Milica and Etienne record EMG signals

— Written by Milica Manojlovic —

Aaaand the results are in!

So, just a quick recap – we were hoping to get as much data on the way we process the Pinocchio illusion by measuring different behavioral outcomes as well as the EMG in three timepoints. As far as the behavioral measures are concerned, we questioned participants on the illusion vividity (see my introductory blog post!), the extent of the nose elongation as well as through a recently published Pinocchio questionnaire (Prucell et al., 2021). On the neural side, we were comparing the EMG activity on the biceps and triceps between resting state, state of the illusion and the situation where the participants were actually instructed to contract the muscles.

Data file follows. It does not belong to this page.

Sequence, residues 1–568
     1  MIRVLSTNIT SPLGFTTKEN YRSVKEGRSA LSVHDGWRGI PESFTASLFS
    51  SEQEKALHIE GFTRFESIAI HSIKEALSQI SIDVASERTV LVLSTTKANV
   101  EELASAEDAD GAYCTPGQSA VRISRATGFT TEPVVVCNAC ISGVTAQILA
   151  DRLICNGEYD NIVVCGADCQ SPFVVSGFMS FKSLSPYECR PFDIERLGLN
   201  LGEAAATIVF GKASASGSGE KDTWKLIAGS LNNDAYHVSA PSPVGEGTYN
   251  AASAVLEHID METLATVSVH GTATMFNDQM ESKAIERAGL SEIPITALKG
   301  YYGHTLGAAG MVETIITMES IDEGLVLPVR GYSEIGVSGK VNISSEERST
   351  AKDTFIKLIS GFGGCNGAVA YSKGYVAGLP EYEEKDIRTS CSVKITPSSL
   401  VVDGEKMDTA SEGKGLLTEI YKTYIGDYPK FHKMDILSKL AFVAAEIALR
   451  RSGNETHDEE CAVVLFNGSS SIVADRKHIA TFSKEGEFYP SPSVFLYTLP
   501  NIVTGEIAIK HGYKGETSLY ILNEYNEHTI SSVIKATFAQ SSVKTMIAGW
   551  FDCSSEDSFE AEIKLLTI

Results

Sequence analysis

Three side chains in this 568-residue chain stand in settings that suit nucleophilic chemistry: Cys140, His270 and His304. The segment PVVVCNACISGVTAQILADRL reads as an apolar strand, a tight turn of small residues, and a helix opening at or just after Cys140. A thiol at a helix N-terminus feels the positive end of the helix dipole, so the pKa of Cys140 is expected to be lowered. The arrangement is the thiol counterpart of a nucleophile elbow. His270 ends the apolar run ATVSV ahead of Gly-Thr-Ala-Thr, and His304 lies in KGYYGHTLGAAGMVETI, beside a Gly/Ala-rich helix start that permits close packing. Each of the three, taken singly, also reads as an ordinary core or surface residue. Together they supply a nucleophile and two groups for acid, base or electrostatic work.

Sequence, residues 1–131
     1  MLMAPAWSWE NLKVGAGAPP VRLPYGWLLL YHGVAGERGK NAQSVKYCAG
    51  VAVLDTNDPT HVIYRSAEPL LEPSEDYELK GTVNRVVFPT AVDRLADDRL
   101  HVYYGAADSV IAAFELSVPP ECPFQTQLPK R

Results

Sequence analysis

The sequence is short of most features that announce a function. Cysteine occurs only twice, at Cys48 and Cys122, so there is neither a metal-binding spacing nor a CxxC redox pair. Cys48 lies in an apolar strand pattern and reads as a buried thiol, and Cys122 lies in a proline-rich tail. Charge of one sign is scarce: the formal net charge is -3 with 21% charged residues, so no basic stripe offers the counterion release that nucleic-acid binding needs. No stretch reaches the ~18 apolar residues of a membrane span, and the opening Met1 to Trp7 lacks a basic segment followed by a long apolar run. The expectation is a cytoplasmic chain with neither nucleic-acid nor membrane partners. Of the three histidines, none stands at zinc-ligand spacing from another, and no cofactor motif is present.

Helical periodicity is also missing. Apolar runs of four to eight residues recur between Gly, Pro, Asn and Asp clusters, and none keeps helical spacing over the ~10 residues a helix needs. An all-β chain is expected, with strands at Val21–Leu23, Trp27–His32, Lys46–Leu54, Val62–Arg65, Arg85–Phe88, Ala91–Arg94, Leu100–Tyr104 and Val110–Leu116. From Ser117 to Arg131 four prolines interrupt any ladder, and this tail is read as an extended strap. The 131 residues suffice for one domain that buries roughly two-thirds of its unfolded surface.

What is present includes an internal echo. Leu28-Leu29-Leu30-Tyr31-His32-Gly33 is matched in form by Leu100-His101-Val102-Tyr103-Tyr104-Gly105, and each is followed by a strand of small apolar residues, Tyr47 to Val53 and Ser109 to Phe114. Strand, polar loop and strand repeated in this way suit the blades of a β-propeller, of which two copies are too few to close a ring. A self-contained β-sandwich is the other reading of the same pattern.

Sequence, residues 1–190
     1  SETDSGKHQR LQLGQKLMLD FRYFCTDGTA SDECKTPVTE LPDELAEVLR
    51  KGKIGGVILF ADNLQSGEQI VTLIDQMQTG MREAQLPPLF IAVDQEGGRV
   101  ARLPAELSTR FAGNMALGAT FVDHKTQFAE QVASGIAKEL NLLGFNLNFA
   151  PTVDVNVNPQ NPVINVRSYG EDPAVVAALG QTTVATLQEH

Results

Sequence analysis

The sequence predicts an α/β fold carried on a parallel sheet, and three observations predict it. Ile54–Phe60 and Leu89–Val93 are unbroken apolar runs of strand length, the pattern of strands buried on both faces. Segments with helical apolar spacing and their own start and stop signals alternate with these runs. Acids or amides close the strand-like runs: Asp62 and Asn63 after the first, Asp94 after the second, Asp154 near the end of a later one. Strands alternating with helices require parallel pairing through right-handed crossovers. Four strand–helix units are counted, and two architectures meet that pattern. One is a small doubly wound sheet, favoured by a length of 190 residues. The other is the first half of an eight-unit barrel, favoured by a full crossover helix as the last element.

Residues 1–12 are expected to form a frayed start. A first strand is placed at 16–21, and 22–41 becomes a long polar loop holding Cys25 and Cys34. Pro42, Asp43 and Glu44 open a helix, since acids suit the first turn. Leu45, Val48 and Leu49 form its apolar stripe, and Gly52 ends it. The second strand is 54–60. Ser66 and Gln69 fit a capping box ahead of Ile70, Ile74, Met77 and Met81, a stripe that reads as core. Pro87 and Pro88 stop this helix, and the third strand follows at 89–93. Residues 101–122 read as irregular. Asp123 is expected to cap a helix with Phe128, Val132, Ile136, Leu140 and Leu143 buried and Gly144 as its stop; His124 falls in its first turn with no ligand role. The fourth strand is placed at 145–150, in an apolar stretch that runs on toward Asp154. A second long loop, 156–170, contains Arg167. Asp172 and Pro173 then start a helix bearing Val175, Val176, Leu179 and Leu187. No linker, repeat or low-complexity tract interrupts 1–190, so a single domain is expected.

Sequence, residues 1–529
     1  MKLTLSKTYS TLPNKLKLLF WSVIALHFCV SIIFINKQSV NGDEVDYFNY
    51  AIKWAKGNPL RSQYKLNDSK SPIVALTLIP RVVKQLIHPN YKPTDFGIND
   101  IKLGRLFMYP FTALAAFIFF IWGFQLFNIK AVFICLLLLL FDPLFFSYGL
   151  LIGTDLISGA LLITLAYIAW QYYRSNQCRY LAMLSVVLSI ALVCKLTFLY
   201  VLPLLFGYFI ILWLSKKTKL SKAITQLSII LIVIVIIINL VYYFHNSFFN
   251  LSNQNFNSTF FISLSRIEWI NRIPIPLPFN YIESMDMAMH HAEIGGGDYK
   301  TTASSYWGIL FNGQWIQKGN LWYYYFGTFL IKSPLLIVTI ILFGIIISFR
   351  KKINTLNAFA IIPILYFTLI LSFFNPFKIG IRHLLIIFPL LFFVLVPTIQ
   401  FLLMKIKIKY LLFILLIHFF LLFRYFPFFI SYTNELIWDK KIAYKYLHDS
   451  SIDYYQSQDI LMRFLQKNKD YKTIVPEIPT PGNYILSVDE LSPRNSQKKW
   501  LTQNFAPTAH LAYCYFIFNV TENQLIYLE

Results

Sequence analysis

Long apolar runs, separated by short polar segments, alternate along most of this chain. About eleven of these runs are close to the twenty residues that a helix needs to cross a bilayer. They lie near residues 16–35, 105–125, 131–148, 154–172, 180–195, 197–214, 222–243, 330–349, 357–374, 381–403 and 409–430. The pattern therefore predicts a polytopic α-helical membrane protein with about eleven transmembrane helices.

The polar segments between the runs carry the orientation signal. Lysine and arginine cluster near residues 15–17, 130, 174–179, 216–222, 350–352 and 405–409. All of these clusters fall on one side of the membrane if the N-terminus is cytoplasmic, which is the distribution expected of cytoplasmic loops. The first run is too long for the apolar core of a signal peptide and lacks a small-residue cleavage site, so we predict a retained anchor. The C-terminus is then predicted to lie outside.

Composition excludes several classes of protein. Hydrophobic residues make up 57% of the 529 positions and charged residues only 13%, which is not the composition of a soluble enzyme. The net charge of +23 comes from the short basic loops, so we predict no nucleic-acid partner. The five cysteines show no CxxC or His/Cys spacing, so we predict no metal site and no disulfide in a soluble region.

Firstly, we found that all the participants reported sensation of the illusion and described it as moderately vivid – the average score was 2.6 on the five-point Likert type scale. They felt their nose extending by at least 50% and the questionnaire data suggest that sensations regarding arm tingling, nose and arm elongation represent the best predictors of the illusion vividity, whereas nose widening, pulsation in arm/nose/fingers or tingling in nose and fingers turned out to be less relevant. 


3 Open-Source Games to Investigate Attention Schema

Reaction Time - Attention Schema Game
Game #1 and results: Reaction Time

— Written by Summer Eunhyung Ann —

When we think about science and technology, we often think about something intricate and sophisticated to comprehend, such as genetic engineering or aerospace astrophysical technology.